Simply pricing carbon and moving away from fossil fuels are insufficient measures to achieve the deep reductions that we were talking about in the Paris agreement. While technology and innovation will play a role in the long term, they can't get us to the 2030 target given the relatively short window available to develop and adopt these solutions. The second overarching message is that, given that the required investment will be in the trillions of dollars, policy-makers need to communicate to Canadians the scale of what we're talking about in terms of this transformation that will have impacts on everyday life.
I don't want to get into the details of the report, but there are a couple of highlights that I think are important in the context of what we've talked about today and the zooming in on electrification. The report examines the impacts of carbon pricing and of the investments needed to help Canada achieve the deep reductions—significant reductions—in greenhouse gas emissions. It finds that even taxing carbon at $200 a tonne by 2025 would result in only a 1.5% reduction in greenhouse gas emissions outside of the power generation sector, so it's not that much. We're talking about much more if we want to make a bigger dent.
Carbon tax revenues, in the context of our scenarios, significantly add to government coffers. In fact, the rule of thumb here is $6 billion for each tranche of $10 a tonne for carbon. Our assumption in this scenario is that the revenues collected are expected to be put back into the economy through tax cuts and higher public spending and investment. The assumption that carbon revenues will be recycled into the economy is, frankly, the key reason why the total impact on the economy is small.
The research also quantifies the economic impact of making deep greenhouse gas emission reductions. The investment requirements are based on—as I mentioned—the work of the Canadian Academy of Engineering, under the overarching Trottier energy futures project analysis. Outlined in this technical piece of work are several technical pathways, and in fact, over eight scenarios.
Those scenarios were developed by a combination of engineers, the David Suzuki Foundation, and some academic researchers at McGill University, who are experts in technical modelling. They didn't get into the policy options to get there, but they really describe, if we put everything on the table that's available today, how deep the reductions could be. They have various scenarios going from 30% to 60% by 2050. Of course, the 30% reduction below 1990 levels by 2050 leaves us far away from the Paris agreement. The 60% gets us closer, but none of those scenarios gets to 80% according to the technical analysis that was done.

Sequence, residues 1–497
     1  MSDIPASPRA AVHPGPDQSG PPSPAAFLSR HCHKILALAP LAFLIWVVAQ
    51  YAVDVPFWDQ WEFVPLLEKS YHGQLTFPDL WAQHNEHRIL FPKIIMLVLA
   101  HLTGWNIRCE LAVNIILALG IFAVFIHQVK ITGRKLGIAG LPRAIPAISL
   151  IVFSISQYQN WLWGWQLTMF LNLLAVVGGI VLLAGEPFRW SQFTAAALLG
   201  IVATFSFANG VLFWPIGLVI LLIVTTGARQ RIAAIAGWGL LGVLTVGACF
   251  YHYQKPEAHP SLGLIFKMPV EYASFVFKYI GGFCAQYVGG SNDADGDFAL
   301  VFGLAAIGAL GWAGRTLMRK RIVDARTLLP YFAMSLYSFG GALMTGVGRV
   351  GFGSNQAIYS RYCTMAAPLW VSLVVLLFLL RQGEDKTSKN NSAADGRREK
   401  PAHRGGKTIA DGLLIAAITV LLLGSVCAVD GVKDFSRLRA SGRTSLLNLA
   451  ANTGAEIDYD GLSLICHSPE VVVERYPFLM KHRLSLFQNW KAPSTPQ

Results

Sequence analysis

I'll just talk about the 60% reduction, because this is the most ambitious and the one we signed up for. The 60% reduction in emissions will require a $3.4-trillion investment. That's about $100 billion annually, or just to put it in context, about half of what Canada spends on non-residential business investment every year. It's a significant amount relative to what's spent today on other things. Just to put that amount in perspective, those big numbers at a certain point become meaningless, so I think that's kind of a way to see what it means in terms of relative spending that happens today.
Of course, in that—and I've talked about electrification being a central theme of this—more than half of the investment would be directed towards power generation to enable the electrification of Canada's economy. One challenge that needs to be kept in mind—and we've heard Stephen Poloz, the Governor of the Bank of Canada, talk many times about this—is that the potential growth of Canada's economy going forward is coming down, largely due to the aging of our labour force. In other words, when we talk about the potential of Canada's economy, we're approaching a capacity to grow at the level of 1.5% to 2% a year versus 3% to 3.5%, which we were used to hearing about a few years ago.
We're reaching the capacity of our economy to absorb new investment. What we're saying in the scenarios is that this new investment would have to crowd out other investments that would have taken place if this policy wasn't in place. In other words, or as a different way to present that, our capital is in place currently in the economy and our labour force is fully employed. There's no large pool of labour capital waiting to be redirected towards these new investments, so the simple fact is that Canada is unable to leverage the funds, capital, and labour resources required to generate these investments without taking funds and productive capacity away from other economic activity.
One element to keep in mind, which I think is really important in terms of the solutions going forward, is that all scenarios of emission reductions analyzed in our study do not account for carbon leakage. To the extent that trade adjustments include declining exports of carbon-intensive goods without corresponding reductions in consumption of those goods by our trading partners, the emissions reductions in Canada could be fully offset by increases elsewhere. In other words, if we don't produce it here, it could be produced somewhere else.
We've identified five priorities for action in our work. The first is end-user acceptance. I think it's impossible to overstate the importance of this. The policy-makers for that low-carbon transition journey need to clearly communicate what is needed from households and businesses to achieve large emissions reductions and communicate that society is ready to make those commitments. History has taught us that long-term change cannot be successfully imposed by governments; rather, it must be desired by their citizens.
The second point is the acceptance of large-scale projects. I think really central to the electrification context is that substantial investment in large-scale hydro, nuclear, and wind transmission projects is required in all parts of the country. Large-scale projects typically attract their share of controversy. Acceptance of these projects among environmentalist groups, indigenous groups, and the public is necessary.